Tim Zank said...

If you play back the debate, no one said "torture". It was a very artfully worded (and loaded) question, which gave the ASSUMPTION that the guys that said they support "enhanced interrogation" were in fact in favor of torture. Not so.

Another media enhanced perception.

Robert Enders said...

Fair enough. What constitutes "enhanced"?

Tim Zank said...

Sleep deprivation, waterboarding, hoods on heads, that type of stuff.

Not exactly bamboo chutes under the nails or cigarettes in the eye.

Hell, the interrogation rooms are probably smoke-free anyway!

Tom Wolf said...

The idea of a "fair fight" went out the window on 9/11 when the terrorists decided to hijack civilian airliners and fly them into the twin towers. Personally, if it prevents another 9/11 and we have to get down to their level and use "enhanced interrogations" I'm all for it. Just don't keep it from the people, we can handle it if you tell us the reasoning. At this point I wonder if we could have won WWII if every paper and radio report started off with the number of troops killed everyday. The next guy elected to the oval office should remember this: If you're going to commit American troops to battle, give them everything they need to win and send everything we have. We're the greatest Republic on Earth. It's time to act like it and end this now, end it soon and it it with a clear and concise victory.

Kody Tinnel said...

If we are the good guys then we should set a good example by not using torture. We need to strengthen our reputation and do all we can to show the entire world that we will not sink to the level of terrorists.

Robert Enders said...

Do you think that waterboarding will be as effective in obtaining information as electrodes attached to testicles?

Tim Zank said...

Trick question??

I think waterboarding has been proven effective.

Bartleby said...

"Indeed, I tremble for my country when I reflect that God is just: that his justice cannot sleep forever." -- Thomas Jefferson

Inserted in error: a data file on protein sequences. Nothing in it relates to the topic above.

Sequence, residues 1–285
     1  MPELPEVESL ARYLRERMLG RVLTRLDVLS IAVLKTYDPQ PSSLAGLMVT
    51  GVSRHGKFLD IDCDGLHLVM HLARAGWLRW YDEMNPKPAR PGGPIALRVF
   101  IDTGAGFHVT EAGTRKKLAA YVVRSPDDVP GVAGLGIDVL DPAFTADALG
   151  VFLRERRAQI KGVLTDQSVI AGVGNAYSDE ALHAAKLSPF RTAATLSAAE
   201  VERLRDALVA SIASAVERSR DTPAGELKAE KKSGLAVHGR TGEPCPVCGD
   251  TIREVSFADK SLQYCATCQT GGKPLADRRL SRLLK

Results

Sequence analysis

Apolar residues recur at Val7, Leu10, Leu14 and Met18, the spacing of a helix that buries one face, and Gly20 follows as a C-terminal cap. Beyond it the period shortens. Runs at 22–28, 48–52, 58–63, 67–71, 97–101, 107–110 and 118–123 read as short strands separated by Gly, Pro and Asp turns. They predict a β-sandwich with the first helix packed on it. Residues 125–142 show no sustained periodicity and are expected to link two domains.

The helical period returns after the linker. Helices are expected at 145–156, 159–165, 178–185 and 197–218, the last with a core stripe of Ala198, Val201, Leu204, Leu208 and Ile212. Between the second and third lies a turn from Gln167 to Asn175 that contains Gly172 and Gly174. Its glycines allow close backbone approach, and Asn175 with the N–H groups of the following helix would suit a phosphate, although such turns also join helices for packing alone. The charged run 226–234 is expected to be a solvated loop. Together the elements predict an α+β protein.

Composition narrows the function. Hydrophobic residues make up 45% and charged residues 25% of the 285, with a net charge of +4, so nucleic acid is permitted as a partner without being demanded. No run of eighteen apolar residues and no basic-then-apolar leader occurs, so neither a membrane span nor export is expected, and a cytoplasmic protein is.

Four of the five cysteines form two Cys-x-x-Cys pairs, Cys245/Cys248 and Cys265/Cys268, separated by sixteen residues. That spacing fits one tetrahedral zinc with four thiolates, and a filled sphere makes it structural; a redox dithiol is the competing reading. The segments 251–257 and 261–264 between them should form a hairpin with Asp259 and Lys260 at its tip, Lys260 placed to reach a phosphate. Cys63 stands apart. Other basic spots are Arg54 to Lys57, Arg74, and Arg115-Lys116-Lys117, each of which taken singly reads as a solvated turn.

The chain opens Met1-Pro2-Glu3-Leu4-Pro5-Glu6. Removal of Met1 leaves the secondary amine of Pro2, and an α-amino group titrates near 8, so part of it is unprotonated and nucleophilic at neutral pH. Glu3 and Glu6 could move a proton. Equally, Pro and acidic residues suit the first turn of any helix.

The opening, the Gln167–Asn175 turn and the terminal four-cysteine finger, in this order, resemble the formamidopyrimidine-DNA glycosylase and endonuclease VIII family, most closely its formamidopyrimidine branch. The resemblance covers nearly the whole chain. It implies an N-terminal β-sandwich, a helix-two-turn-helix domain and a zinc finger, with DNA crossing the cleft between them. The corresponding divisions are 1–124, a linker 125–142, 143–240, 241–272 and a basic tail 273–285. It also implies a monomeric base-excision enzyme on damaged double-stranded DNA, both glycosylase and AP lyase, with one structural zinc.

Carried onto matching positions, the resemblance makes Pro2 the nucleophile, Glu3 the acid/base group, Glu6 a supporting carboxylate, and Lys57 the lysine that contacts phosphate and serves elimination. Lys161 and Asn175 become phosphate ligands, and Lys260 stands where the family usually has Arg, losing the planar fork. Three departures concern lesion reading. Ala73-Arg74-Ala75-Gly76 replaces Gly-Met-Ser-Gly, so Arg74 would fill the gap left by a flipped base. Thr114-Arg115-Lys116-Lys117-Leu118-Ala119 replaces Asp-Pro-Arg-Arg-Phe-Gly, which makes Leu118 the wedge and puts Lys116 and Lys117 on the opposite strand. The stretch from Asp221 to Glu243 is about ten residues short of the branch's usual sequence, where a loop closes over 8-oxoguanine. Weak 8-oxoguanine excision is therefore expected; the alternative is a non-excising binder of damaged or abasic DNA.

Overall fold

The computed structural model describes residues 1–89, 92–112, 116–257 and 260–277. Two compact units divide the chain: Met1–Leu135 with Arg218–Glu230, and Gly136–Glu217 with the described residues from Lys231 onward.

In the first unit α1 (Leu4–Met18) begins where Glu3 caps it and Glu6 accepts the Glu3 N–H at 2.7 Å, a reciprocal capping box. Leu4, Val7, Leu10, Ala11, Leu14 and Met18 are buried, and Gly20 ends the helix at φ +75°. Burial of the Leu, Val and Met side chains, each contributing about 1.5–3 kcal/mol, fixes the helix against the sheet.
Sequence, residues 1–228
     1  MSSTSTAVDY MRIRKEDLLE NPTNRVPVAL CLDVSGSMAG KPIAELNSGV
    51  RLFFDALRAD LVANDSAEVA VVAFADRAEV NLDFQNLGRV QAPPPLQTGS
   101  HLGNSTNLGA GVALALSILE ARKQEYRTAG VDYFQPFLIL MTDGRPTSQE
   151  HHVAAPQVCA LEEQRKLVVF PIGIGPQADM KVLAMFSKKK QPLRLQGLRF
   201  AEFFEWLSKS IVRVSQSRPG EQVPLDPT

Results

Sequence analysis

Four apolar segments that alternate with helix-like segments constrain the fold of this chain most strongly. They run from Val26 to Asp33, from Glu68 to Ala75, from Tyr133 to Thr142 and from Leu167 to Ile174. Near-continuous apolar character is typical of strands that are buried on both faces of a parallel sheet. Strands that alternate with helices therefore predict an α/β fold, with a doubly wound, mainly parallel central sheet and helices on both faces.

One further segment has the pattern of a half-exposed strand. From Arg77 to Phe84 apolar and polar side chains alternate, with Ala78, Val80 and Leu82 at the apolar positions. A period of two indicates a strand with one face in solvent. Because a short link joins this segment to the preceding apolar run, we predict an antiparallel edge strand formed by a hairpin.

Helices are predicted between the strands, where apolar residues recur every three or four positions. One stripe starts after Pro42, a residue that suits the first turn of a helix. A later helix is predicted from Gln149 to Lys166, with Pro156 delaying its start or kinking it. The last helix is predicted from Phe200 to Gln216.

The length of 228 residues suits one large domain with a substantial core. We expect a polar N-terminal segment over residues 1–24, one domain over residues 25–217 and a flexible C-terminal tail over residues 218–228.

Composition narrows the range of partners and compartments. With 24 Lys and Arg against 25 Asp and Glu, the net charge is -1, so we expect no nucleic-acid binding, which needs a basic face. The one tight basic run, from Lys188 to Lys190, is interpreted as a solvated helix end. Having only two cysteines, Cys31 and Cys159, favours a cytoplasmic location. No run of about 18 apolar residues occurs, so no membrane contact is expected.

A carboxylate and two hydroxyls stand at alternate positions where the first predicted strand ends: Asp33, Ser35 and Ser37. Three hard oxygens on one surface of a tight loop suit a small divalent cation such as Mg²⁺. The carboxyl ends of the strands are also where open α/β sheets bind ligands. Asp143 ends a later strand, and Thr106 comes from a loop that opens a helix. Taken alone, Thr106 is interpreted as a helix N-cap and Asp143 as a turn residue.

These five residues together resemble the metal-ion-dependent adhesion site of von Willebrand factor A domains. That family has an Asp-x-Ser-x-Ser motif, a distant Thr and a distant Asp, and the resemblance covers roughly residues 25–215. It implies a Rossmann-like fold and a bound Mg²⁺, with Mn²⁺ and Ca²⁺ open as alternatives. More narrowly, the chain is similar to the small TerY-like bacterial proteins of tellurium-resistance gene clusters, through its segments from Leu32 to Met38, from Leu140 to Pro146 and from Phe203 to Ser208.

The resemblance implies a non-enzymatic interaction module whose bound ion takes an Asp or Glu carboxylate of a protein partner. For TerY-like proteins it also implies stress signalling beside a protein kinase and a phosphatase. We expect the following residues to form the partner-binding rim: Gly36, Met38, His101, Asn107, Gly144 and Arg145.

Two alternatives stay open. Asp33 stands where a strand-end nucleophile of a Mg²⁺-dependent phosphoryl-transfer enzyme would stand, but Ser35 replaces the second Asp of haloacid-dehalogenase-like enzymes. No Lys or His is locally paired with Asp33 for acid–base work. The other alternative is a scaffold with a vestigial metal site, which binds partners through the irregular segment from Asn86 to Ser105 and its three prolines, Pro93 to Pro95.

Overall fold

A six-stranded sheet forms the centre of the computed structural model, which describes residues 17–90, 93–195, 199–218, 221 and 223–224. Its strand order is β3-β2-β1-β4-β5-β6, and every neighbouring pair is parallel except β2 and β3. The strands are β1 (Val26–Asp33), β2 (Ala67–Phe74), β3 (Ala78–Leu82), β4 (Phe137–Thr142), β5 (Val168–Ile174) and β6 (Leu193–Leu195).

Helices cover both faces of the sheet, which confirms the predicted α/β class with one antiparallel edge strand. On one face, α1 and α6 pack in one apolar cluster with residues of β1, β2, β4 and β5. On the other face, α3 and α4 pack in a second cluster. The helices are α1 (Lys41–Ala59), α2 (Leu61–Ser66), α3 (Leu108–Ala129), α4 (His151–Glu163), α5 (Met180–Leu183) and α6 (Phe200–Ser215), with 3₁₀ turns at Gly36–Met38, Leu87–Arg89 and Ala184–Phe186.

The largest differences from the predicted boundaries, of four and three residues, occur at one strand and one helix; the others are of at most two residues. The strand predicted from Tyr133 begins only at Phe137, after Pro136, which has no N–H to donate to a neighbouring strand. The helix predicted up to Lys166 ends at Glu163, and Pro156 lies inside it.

Sorry for the interruption, boys ... now, back to your wankfest.

Robert Enders said...

We now bring you back to your regularly scheduled wankfest.

Tim, if our enemies are as fanatical as we make them out to be, is waterboarding going to do any good?

Anonymous said...
This comment has been removed by a blog administrator.
Jeff Pruitt said...

None of the military leaders I've heard support torture and that should tell the rest of the 101st Keyboarders something...

Tim Zank said...

Robert & Jeff, We don't sanction torture, we don't condone torture. If waterboarding, hoods on heads, sleep deprivation and playing loud music is torture, we may as well just give up now.

Bartelby, I'm thrilled you were able to send a message down from that lofty perch you use to gaze upon on us lesser folk.

Jeff Pruitt said...

Waterboarding is torture Tim.

It violates the Geneva Convention and US law.

The Army Field Manual prohibits waterboarding by the military

We've used waterboarding as an example of torture to chastise other countries' human rights abuses

We convicted a Japanese officer after WW2 for using waterboarding

I would argue that if we have to resort to the same tactics used by the enemy then we have already lost. Why not just adopt terrorism and beheadings while we're at it?

Anonymous said...

Off topic. Where did your link go on FWOb? That's how I always got here and now it is gone. :(

Tim Zank said...

Hey, one mans torture is another mans interrogation.I just can't get that worked up about waterboarding a terrorist.

It worked with Khalid Sheikh Mohammed. I don't want another 9-11 and if an occasional "enhanced bath" will save lives, I'll take that trade off anyday. These guys will slit your throat, slowly, from ear to ear, in front of your kids, on television,without provocation, simply for being a non-muslim, an infidel. I'm not gonna lose any sleep over the occasional game of "bobbing for terrorists"...